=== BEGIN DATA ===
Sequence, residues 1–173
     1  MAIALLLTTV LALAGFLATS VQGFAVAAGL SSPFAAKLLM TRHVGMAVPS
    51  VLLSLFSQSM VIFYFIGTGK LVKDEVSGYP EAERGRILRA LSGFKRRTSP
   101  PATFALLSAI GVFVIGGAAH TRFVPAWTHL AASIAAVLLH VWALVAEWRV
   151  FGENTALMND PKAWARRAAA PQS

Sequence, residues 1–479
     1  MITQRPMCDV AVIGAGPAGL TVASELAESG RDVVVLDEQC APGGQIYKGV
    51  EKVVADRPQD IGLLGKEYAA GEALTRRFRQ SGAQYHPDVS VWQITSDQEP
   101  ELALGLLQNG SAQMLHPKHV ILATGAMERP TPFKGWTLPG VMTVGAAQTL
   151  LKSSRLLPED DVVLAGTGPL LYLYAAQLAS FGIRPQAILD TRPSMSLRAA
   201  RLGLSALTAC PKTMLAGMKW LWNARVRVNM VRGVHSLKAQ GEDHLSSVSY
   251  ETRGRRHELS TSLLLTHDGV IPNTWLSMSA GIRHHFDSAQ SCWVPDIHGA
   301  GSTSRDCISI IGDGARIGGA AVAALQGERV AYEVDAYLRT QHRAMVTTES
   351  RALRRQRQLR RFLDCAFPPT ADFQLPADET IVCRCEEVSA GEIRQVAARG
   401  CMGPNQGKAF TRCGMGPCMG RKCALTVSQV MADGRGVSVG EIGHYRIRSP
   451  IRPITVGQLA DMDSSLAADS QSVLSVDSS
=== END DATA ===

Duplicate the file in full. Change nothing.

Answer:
Sequence, residues 1–173
     1  MAIALLLTTV LALAGFLATS VQGFAVAAGL SSPFAAKLLM TRHVGMAVPS
    51  VLLSLFSQSM VIFYFIGTGK LVKDEVSGYP EAERGRILRA LSGFKRRTSP
   101  PATFALLSAI GVFVIGGAAH TRFVPAWTHL AASIAAVLLH VWALVAEWRV
   151  FGENTALMND PKAWARRAAA PQS

Sequence, residues 1–479
     1  MITQRPMCDV AVIGAGPAGL TVASELAESG RDVVVLDEQC APGGQIYKGV
    51  EKVVADRPQD IGLLGKEYAA GEALTRRFRQ SGAQYHPDVS VWQITSDQEP
   101  ELALGLLQNG SAQMLHPKHV ILATGAMERP TPFKGWTLPG VMTVGAAQTL
   151  LKSSRLLPED DVVLAGTGPL LYLYAAQLAS FGIRPQAILD TRPSMSLRAA
   201  RLGLSALTAC PKTMLAGMKW LWNARVRVNM VRGVHSLKAQ GEDHLSSVSY
   251  ETRGRRHELS TSLLLTHDGV IPNTWLSMSA GIRHHFDSAQ SCWVPDIHGA
   301  GSTSRDCISI IGDGARIGGA AVAALQGERV AYEVDAYLRT QHRAMVTTES
   351  RALRRQRQLR RFLDCAFPPT ADFQLPADET IVCRCEEVSA GEIRQVAARG
   401  CMGPNQGKAF TRCGMGPCMG RKCALTVSQV MADGRGVSVG EIGHYRIRSP
   451  IRPITVGQLA DMDSSLAADS QSVLSVDSS